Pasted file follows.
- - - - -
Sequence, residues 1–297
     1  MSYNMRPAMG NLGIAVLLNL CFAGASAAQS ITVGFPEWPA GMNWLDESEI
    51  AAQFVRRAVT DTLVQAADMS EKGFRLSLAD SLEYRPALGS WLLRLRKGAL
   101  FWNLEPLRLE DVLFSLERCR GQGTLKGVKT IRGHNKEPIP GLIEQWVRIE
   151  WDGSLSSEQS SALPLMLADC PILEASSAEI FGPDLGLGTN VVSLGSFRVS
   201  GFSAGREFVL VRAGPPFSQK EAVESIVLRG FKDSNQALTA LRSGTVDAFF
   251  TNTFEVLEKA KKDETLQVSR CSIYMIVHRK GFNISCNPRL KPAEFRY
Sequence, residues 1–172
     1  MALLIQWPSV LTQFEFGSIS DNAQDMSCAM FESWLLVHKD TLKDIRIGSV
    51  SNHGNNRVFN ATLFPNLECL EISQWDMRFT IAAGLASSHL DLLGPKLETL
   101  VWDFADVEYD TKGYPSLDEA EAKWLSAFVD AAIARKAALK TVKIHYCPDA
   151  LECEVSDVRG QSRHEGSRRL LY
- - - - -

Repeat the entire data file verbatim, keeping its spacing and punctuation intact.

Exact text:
Sequence, residues 1–297
     1  MSYNMRPAMG NLGIAVLLNL CFAGASAAQS ITVGFPEWPA GMNWLDESEI
    51  AAQFVRRAVT DTLVQAADMS EKGFRLSLAD SLEYRPALGS WLLRLRKGAL
   101  FWNLEPLRLE DVLFSLERCR GQGTLKGVKT IRGHNKEPIP GLIEQWVRIE
   151  WDGSLSSEQS SALPLMLADC PILEASSAEI FGPDLGLGTN VVSLGSFRVS
   201  GFSAGREFVL VRAGPPFSQK EAVESIVLRG FKDSNQALTA LRSGTVDAFF
   251  TNTFEVLEKA KKDETLQVSR CSIYMIVHRK GFNISCNPRL KPAEFRY
Sequence, residues 1–172
     1  MALLIQWPSV LTQFEFGSIS DNAQDMSCAM FESWLLVHKD TLKDIRIGSV
    51  SNHGNNRVFN ATLFPNLECL EISQWDMRFT IAAGLASSHL DLLGPKLETL
   101  VWDFADVEYD TKGYPSLDEA EAKWLSAFVD AAIARKAALK TVKIHYCPDA
   151  LECEVSDVRG QSRHEGSRRL LY